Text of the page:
Clarification (July 1, 2021):
The “must see” symposium “The next revolution for neurotherapy? Navigated transcranial ultrasound for surgery, blood brain barrier opening and neuromodulation” presented leading scientist and clinicians from the novel field of Ultrasound Brain Therapies. Prof. Andres Lozano introduced focal Ultrasound Surgery and stressed that among 4 currently available focal neurosurgical approaches, about 90% of his patients meanwhile choose Ultrasound as their therapeutic option. Prof. Jean-Francois Aubry introduced Ultrasound Blood-Brain-Barrier Opening where large clinical studies for targeted focal transfer of medications, antibodies or viral vectors are running. Prof. Roland Beisteiner introduced Ultrasound Neuromodulation Therapy and the Transcranial Pulse Stimulation technique (TPS) as a novel add on therapy. He reported promising results from the first clinical study with navigated ultrasound, improving cognitive performance in AD patients already on successful state of the art medication.
Symposium 8 at the EAN 2021 Virtual Congress addressed the subject of navigated transcranial ultrasound on Monday, June 21. A high quality panel delivered a trio of interesting lectures, tackling neurosurgery, blood brain barrier opening, and neuromodulation.
First to speak was Andres M. Lozano, from Toronto, Canada, covering ‘Focal surgery with ultrasound’. He explained that the most significant hurdle in the early development of transcranial ultrasound was that the skull blocks 90% of the beam energy, and it was only in recent decades that technology has been developed to focus many beams onto a single point to create therapeutic lesions.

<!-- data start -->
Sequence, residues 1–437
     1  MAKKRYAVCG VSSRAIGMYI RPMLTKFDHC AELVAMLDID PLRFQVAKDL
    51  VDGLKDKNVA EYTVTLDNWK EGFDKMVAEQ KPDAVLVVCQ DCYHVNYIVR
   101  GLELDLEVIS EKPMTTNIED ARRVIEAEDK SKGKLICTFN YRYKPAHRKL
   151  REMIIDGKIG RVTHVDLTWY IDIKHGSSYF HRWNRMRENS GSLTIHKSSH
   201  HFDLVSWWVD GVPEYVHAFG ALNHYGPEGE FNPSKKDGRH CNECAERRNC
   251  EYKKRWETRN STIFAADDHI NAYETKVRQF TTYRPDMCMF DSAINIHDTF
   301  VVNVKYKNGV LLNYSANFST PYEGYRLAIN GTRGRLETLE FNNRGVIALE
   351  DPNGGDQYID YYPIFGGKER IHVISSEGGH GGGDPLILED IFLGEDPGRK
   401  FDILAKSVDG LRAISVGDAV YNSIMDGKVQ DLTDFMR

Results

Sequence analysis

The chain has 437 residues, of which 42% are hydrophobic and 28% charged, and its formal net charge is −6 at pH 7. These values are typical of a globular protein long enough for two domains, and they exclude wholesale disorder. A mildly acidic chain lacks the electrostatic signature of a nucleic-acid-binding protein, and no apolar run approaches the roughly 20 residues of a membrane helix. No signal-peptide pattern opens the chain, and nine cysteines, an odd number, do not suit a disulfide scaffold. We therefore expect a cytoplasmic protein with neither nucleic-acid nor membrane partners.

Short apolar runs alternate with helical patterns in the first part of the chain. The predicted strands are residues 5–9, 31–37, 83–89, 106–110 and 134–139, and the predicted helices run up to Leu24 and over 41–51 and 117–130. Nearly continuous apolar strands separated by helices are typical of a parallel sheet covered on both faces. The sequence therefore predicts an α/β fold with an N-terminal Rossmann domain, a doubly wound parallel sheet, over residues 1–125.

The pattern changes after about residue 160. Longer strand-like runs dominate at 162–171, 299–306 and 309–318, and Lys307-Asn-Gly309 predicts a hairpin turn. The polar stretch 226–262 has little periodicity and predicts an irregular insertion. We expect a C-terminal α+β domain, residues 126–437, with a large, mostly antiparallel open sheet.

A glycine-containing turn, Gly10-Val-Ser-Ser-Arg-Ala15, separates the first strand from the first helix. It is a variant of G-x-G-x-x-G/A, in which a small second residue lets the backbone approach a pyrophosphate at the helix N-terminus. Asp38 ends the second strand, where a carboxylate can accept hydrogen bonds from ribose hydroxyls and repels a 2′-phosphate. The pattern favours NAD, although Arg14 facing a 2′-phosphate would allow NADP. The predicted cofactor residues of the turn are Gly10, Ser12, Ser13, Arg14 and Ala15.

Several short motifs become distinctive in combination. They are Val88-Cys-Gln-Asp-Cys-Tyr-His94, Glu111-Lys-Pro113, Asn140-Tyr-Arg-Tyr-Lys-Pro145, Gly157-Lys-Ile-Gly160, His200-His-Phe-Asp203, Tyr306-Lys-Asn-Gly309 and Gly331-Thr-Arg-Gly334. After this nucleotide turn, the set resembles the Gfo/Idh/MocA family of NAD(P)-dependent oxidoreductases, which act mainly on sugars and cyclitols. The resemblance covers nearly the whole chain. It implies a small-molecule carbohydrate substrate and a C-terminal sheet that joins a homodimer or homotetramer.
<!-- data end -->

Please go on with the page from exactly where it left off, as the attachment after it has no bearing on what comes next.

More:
Lesions are created by increasing the temperature at the focal point; the temperature goes up, peaks at a required level, and then goes down, leaving a lesion at the focal point. The method can be used to great effect in reducing essential tremor. Immediately after each sonication, the effect on the tremor is evaluated, and the procedure is repeated with increasing temperature until the tremor disappears.
Lozano said the most common side effect is paresthesia, but that some patients also see a gait disturbance or contralateral weakness. 3D volume reconstruction of lesions that caused such side effects showed encroachment of the lesion on neighbouring brain regions. Subsequent procedure have therefore been refined to avoid those encroachments avoid these encroachments.
The patients treated at Lozano’s centre are offered a range of options to treat tremors and the recent trend is that 90% choose the focuses ultrasound option, meaning it has overtaken deep brain stimulation in popularity and revolutionised treatment of tremor.
Lozano described progress in performing bilateral thalamotomies, with a six-month gap between performing the procedure on each side, showing extremely promising results.
He then discussed a range of uses that are being examined, such as pallidotomy, pallidothalamic tractotomy and subthalamotomy all for Parkinsons disease, and numerous other possibilities including brain tumour ablation, capsulotomy, thalamotomy to treat pain with immediate effects, and even sonothrombolysis.
The next speaker, Jean-Francois Aubry, from France, spoke about ‘Focal blood brain barrier opening with ultrasound’. He began with a short history of history of proposed techniques to open the blood brain barrier (BBB), including those that actually damaged the barrier and made the process irreversible, and addressed the work done to find the threshold to open the barrier without damage.